A California-based lab is using gait recognition and radio frequency to create a surveillance system that can see behind walls.
A bank robbery is caught on a video surveillance system: the suspect — face obscured — walks calmly out of the bank, cash in his bag and a stunned teller in his wake. Law enforcement believes they have located the suspect, but with no way to recognize his face, they cannot be sure.
Before they risk a raid, the officers use the WiFi signals coming from inside the house, like radar, to “see” the suspect moving around. Using gait recognition technology, they match his specific movements to his known walk from the robbery footage and move in for the arrest.
This scenario is not too sci fi — although it is a bit scary; more on that later — and the tech is nearly ready for use. University of California, Santa Barbara researcher Yasamin Mostofi’s lab has already demonstrated it.
Radio frequency waves, including WiFi, bounce off of and are obscured by objects in their path, including people. These ripples can be used to identify if something or someone is in the way of the radio waves. Mostofi’s lab has already used this technique to accurately estimate the number of people in a room from outside of the room.
These disruptions in the waves are specific to the individuals’ size, shape, and, in this instance, motion.
Using WiFi signals and video footage, Mostofi’s lab achieved gait recognition with over 80% accuracy on a sample of eight subjects. Called the XModal-ID, the identification system recognized the gaits captured on WiFi through both plywood and drywall.
A “candidate video” provides the researchers with the gait information they need. People move in unique ways. These movements are captured by a computer program, which simulates how they would disrupt the WiFi signal. Using this template, the researchers then use WiFi transceivers to see if the disruptions match the template.
“Our proposed approach makes it possible to determine if the person behind the wall is the same as the one in video footage, using only a pair of off-the-shelf WiFi transceivers outside,” Mostofi tells UCSB’s The Current.
A Look at Gait Recognition in the Real World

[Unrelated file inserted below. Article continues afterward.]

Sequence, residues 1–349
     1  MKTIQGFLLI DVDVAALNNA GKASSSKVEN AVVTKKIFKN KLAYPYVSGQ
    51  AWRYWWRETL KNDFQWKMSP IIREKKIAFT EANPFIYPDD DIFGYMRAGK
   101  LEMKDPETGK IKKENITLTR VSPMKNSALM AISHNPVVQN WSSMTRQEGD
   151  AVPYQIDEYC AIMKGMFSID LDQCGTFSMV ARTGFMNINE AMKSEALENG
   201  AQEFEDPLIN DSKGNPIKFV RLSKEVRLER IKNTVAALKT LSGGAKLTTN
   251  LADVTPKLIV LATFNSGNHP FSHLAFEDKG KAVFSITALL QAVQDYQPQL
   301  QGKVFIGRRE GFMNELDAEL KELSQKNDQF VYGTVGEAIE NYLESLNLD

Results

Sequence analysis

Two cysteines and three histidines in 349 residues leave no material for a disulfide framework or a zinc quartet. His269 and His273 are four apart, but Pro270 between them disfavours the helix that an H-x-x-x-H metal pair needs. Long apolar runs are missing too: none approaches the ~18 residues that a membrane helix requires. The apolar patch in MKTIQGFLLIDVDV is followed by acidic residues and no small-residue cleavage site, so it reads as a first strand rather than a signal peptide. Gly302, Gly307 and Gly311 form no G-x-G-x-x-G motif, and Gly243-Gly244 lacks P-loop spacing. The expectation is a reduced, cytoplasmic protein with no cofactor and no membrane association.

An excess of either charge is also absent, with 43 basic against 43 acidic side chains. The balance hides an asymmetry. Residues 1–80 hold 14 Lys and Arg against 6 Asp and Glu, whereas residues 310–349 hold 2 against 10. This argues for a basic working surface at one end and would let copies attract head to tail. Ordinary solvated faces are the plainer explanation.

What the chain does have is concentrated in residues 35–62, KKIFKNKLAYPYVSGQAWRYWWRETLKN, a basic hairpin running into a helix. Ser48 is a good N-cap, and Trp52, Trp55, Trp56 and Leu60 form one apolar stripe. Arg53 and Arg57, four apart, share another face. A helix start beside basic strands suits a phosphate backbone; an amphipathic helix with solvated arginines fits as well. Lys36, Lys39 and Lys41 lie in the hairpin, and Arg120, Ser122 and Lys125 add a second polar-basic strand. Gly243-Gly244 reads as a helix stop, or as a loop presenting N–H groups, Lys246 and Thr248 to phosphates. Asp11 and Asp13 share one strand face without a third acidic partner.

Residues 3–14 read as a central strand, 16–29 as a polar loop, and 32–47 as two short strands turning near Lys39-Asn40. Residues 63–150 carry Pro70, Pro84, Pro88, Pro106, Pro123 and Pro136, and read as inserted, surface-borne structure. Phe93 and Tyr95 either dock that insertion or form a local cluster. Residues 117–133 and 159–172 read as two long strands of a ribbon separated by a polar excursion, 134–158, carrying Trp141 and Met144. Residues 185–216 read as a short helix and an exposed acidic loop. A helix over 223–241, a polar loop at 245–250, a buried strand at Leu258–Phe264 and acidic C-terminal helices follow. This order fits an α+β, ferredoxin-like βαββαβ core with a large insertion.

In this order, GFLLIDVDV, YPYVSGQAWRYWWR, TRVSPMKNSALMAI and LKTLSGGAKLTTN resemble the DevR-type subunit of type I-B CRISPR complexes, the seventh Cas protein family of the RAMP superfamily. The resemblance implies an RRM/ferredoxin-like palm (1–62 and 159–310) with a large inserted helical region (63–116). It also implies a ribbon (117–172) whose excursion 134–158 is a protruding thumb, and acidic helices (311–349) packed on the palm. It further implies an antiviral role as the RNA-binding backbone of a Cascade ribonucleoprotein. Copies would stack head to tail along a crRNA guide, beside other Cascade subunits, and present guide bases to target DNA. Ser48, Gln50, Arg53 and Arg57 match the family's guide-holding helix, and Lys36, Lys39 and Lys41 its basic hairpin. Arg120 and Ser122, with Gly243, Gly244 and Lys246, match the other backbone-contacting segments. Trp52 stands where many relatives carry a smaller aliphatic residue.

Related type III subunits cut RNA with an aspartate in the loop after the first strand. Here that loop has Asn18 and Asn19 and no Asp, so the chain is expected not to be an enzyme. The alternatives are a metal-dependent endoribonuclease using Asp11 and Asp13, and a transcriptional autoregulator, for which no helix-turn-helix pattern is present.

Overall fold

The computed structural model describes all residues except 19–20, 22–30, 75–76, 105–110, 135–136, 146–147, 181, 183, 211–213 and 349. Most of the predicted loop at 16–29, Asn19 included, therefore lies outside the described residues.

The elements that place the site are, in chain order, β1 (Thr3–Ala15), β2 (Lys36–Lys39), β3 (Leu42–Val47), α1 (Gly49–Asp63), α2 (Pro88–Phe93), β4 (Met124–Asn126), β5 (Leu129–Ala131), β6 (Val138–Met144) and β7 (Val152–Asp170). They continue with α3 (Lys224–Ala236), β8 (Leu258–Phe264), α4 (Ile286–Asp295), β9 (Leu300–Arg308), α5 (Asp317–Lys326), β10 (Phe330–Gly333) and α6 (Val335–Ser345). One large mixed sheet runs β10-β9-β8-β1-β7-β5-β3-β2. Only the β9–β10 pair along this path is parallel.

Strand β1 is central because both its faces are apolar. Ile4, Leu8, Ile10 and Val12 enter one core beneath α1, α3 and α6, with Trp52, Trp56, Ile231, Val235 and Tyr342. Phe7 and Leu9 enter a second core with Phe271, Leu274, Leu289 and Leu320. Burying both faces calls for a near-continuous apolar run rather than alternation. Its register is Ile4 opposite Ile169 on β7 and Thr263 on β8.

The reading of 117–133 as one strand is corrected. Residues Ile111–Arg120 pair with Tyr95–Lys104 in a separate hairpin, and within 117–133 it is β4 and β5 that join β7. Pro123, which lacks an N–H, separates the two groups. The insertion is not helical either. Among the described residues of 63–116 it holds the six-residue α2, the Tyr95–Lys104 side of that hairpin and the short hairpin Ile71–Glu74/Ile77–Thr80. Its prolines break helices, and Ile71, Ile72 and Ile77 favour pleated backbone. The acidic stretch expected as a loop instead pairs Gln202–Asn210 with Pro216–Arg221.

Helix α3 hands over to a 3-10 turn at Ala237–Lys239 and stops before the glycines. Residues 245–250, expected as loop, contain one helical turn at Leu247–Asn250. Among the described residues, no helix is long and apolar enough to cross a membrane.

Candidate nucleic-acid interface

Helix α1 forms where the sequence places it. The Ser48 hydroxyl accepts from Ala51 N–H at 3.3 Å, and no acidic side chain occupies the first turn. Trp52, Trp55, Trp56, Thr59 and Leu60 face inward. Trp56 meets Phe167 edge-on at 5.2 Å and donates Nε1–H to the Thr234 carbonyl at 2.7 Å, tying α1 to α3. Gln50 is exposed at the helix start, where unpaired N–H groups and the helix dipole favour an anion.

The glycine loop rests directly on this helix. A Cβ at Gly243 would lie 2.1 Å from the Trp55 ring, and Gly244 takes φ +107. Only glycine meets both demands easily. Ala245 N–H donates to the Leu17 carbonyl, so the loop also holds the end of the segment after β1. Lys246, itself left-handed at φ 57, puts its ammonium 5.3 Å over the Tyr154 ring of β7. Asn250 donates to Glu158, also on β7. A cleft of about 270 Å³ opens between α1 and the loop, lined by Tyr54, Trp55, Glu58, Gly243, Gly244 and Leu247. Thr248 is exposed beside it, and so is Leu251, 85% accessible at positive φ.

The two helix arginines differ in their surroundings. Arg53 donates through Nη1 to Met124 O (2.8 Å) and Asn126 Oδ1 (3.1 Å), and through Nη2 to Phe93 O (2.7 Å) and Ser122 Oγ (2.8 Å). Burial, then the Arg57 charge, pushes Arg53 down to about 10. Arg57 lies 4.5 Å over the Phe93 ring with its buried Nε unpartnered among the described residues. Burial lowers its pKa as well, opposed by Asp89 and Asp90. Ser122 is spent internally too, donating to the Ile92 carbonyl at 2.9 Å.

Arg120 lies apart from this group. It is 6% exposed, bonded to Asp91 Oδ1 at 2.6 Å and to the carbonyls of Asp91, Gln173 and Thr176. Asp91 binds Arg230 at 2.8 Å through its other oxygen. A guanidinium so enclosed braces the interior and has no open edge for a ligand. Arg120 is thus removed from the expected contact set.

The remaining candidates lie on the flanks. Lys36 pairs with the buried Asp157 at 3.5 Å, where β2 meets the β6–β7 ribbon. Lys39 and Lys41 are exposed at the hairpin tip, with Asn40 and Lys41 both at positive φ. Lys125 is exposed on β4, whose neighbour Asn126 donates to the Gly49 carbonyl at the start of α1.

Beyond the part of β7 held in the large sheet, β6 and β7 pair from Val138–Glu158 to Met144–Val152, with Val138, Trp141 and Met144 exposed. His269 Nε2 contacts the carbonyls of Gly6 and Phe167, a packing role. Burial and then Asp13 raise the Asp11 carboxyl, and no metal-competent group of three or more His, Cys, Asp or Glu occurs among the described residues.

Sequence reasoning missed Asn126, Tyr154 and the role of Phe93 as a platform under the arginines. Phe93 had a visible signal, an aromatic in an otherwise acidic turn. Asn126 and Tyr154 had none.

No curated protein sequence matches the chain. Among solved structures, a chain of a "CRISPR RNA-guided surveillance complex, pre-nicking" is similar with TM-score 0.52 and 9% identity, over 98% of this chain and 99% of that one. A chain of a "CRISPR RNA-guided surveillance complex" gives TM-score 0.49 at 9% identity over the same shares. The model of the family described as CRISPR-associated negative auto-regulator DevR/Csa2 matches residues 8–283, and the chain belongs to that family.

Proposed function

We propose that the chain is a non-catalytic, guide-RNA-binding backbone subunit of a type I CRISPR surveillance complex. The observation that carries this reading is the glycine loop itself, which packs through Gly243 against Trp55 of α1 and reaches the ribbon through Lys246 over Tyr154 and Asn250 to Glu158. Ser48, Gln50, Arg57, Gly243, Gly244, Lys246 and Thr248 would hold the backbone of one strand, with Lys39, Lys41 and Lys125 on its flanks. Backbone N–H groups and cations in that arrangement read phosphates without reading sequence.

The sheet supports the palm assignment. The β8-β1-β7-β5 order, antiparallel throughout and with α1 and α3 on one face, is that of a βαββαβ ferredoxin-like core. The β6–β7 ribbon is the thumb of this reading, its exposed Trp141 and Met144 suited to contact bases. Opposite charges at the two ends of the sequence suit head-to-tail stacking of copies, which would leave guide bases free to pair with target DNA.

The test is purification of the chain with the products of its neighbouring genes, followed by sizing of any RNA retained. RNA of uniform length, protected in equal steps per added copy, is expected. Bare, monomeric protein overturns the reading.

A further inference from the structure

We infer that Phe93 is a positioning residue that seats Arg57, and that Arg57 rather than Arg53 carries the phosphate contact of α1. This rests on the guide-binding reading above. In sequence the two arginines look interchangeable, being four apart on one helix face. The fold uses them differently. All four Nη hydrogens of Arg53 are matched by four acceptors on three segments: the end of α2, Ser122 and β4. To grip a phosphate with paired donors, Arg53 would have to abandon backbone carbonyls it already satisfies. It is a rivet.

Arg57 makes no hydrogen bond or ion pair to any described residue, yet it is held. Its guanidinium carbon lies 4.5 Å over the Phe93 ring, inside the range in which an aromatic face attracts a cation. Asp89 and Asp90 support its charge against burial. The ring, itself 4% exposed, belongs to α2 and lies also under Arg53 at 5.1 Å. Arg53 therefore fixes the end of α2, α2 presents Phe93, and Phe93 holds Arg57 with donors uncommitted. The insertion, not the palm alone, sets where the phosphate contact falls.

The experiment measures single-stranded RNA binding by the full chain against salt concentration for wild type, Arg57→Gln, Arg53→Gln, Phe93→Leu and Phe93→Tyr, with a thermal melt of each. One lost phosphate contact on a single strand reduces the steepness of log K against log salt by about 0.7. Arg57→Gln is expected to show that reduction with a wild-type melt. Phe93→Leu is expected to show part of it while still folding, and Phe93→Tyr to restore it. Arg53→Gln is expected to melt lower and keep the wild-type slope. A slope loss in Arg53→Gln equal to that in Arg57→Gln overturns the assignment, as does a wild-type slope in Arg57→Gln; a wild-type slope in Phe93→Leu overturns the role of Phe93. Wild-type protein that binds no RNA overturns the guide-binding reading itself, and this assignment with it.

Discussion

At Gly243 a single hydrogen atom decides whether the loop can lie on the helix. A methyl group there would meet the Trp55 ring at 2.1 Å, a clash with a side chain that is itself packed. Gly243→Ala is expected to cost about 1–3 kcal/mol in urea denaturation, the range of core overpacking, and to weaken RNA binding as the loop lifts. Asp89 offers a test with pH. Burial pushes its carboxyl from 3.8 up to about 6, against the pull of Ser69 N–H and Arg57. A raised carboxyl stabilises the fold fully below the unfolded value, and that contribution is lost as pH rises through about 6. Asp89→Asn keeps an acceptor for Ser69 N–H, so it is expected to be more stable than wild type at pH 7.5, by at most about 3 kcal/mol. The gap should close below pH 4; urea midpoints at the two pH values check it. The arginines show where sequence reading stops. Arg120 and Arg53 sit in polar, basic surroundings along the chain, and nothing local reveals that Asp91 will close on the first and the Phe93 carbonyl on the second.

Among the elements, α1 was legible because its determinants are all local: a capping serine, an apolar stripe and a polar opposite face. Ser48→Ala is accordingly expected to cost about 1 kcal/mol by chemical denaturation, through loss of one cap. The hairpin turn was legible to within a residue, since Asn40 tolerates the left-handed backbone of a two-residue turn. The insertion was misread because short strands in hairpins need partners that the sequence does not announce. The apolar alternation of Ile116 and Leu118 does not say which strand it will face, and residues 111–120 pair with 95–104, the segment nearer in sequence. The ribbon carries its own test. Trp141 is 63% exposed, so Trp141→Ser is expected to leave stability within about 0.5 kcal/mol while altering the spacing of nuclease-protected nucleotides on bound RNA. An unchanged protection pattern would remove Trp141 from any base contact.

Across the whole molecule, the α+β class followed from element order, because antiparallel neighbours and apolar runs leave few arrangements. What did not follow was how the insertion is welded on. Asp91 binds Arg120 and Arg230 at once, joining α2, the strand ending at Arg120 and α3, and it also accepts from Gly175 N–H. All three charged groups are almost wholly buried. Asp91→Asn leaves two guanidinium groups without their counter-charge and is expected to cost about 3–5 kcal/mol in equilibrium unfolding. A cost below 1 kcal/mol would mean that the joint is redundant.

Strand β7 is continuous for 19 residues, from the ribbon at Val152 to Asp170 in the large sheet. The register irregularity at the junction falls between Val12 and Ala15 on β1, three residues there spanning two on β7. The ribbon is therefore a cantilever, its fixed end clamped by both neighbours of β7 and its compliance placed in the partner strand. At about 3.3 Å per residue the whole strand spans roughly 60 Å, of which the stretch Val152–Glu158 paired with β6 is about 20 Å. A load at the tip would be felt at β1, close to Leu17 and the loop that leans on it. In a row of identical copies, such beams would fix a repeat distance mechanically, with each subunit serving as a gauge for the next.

There are potential uses of gait recognition beyond the obvious security applications. A system could turn the thermostat to a certain worker’s temperature preference when they walk into the room, or make true the dream of a personalized professional wrestling-style entrance song, which would be, quite frankly, awesome.
The work is possible because WiFi and radio frequency data is so richly tracked and measured, says Neal Patwari, who is not involved in Mostofi’s research. A professor at Washington University in St. Louis and Director of Research at Xandem Technology, Patwari researches using radio frequency (RF) signals for imaging and movement mapping, called RF tomography.
Society is drowning in various radio frequencies, which allows researchers like Mostofi and Patwari to develop surveillance systems and sensors. RF based systems present a couple of advantages to traditional surveillance systems, as well as some singularly dystopian possibilities.
They cover large areas of space and, as demonstrated by Mostofi, can “see through” obstructions, including walls. Some materials are trickier than others, Patwari says. Plywood and drywall are practically no hindrance, whereas concrete causes severe degradation and metal is impossible to see through at all. Since these systems, gait recognition included, can run on off-the-shelf technology, they do not require a large investment. And since they operate purely on radio frequencies, they are appropriate to use in situations where a video camera would not be (no more evading a security system by hiding in the bathroom).
It’s a double-edged sword, however. Those same advantages mean it’s possible for bad actors to use normal and commonplace devices to set up an RF surveillance system that the victim would be completely unaware of. As gait recognition technology improves, these secret sensors could even identify specific victims. It does not take much imagination to leap to spies and secret police, cloaks and daggers, jackboots and truncheons.
“That is definitely a good point,” Patwari says. “From the research perspective, one of the big challenges we have is to build next generation protocols and networks that can prevent this.”
While radio frequency jamming devices already exist, they are both illegal to operate in the U.S. and would disrupt other signals as well. Meaning no Hulu or Tinder, too (a sacrifice too great for some).